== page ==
Debris Flows vs. Turbidity Currents: a Modeling Comparison of Their Dynamics and Deposits
Lincoln F. Pratson, Jasim Imran, Gary Parker, James P. M. Syvitski, Eric Hutton, 2000. "Debris Flows vs. Turbidity Currents: a Modeling Comparison of Their Dynamics and Deposits", Fine-Grained Turbidite Systems, Arnold H. Bouma, Charles G. Stone
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Debris flows tend to conserve their density, whereas turbidity currents constantly change theirs through erosion, deposition, and entrainment. Numerical models illustrate how this distinction leads to fundamental differences in the behaviors of debris flows and turbidity currents and the deposits they produce. The models predict that when begun on a slope that extends onto a basin floor, a debris flow will form a deposit that begins near its point of origin and gradually thickens basinward, ending abruptly at its head. By contrast, deposition from an ignitive turbidity current (i.e., one that causes significant erosion) will largely be restricted to the basin floor and will be separated from its origin on the slope by a zone of erosion. Furthermore, the turbidite will be thickest just beyond the slope base and thin basinward. These contrasting styles of deposition are accentuated when debris flows and turbidites are stacked.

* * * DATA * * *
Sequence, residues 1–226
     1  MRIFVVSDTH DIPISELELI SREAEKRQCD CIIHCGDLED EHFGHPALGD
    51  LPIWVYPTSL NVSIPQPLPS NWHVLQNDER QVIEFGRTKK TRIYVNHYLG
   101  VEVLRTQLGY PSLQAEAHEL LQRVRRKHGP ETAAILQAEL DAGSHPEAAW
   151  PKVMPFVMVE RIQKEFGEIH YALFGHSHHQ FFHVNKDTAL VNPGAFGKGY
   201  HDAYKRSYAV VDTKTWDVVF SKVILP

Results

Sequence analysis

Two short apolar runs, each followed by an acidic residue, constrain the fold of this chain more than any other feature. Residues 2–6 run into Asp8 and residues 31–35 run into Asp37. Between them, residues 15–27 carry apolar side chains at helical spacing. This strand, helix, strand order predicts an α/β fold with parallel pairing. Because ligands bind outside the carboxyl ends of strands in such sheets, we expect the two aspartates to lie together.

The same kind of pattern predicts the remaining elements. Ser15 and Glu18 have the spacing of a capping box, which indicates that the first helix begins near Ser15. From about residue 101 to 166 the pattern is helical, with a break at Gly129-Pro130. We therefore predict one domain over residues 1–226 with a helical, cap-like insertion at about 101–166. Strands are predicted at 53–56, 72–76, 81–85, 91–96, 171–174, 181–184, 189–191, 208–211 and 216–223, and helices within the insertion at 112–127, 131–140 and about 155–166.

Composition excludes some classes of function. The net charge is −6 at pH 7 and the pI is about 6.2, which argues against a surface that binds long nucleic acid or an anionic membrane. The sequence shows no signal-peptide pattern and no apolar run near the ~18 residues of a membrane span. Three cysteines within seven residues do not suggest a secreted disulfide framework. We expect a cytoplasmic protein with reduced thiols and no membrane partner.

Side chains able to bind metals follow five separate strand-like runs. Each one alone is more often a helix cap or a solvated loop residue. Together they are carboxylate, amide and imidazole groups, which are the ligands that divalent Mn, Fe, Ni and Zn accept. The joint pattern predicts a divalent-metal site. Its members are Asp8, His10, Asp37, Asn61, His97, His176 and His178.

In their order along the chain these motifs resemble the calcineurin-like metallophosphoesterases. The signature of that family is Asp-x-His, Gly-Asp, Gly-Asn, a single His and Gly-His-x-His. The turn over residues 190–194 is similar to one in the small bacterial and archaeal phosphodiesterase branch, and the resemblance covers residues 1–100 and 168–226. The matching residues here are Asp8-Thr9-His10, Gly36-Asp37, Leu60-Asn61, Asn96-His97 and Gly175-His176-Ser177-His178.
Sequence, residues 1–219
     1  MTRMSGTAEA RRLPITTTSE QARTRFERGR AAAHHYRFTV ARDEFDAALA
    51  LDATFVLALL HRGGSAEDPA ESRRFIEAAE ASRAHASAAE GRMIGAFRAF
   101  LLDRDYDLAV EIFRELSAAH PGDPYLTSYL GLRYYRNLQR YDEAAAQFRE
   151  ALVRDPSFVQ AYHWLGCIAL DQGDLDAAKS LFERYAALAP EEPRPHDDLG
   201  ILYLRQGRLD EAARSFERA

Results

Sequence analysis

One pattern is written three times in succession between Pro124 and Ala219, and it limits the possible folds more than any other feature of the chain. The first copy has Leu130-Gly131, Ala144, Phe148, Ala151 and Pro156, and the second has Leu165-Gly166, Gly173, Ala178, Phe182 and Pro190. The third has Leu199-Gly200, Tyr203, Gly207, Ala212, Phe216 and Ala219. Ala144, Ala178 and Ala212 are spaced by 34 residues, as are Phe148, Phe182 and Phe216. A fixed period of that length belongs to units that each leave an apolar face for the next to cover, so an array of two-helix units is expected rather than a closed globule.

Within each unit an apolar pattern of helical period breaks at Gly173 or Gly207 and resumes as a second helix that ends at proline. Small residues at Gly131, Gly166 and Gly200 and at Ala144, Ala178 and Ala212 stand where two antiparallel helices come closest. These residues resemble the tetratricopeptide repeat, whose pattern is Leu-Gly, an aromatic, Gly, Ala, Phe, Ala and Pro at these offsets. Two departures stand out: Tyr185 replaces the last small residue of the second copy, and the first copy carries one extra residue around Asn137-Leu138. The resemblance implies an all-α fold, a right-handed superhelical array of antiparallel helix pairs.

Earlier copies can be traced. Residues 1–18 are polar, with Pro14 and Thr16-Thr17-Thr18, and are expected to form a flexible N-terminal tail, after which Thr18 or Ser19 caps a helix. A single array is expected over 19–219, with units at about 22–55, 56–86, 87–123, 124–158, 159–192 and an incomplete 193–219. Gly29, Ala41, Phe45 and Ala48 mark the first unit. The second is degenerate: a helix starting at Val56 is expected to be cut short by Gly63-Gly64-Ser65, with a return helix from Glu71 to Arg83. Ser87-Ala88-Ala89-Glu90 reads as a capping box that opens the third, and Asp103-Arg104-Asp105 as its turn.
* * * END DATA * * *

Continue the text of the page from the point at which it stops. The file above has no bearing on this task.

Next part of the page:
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This Memoir covers one of the most important and active exploration reservoirs being pursued by geoscientists worldwide: fine-grained turbidite systems. 28 chapters show the results of an intense research effort in the 1990s that resulted from the discovery of large hydrocarbon accumulations in fine-grained turbidite systems in Brazil, the Gulf of Mexico, West Africa, and the North Sea. Industry and academia have joined together in this publication and the result is a unique opportunity to study these turbidite systems from the outcrop to the modeling; through the interpretation with 2-D and 3-D seismic data; to case histories and analog studies from Arkansas and Oklahoma, South and West Africa, Gulf of Mexico, west Texas, and New Zealand.